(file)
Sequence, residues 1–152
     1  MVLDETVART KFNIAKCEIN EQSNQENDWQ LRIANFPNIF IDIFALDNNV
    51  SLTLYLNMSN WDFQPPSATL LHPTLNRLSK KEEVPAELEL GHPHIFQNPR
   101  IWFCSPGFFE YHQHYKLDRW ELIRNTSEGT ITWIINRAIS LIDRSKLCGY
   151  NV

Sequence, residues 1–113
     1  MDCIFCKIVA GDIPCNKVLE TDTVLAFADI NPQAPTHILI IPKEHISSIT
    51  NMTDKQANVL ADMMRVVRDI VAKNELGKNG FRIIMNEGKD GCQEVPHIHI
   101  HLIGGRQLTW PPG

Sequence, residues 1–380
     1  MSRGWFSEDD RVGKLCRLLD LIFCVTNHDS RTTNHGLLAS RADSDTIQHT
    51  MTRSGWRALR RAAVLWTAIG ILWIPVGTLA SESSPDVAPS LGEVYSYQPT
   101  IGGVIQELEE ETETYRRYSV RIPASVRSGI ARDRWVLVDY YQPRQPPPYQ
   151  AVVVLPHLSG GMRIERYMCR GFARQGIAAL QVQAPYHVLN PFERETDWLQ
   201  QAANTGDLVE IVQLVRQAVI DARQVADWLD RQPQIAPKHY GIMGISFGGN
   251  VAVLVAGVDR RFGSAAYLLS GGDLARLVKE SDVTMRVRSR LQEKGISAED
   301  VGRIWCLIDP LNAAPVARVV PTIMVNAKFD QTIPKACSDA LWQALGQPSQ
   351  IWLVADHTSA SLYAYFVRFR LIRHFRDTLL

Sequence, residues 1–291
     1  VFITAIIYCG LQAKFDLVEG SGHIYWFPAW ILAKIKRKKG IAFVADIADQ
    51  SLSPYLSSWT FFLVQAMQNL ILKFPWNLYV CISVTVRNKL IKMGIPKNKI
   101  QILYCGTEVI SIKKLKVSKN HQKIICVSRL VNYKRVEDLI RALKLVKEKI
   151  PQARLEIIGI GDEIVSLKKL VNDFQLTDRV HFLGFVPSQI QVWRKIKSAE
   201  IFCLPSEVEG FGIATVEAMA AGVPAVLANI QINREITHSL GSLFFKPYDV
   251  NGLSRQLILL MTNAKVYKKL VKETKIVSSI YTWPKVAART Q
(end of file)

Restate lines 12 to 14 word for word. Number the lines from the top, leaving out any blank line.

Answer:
    51  MTRSGWRALR RAAVLWTAIG ILWIPVGTLA SESSPDVAPS LGEVYSYQPT
   101  IGGVIQELEE ETETYRRYSV RIPASVRSGI ARDRWVLVDY YQPRQPPPYQ
   151  AVVVLPHLSG GMRIERYMCR GFARQGIAAL QVQAPYHVLN PFERETDWLQ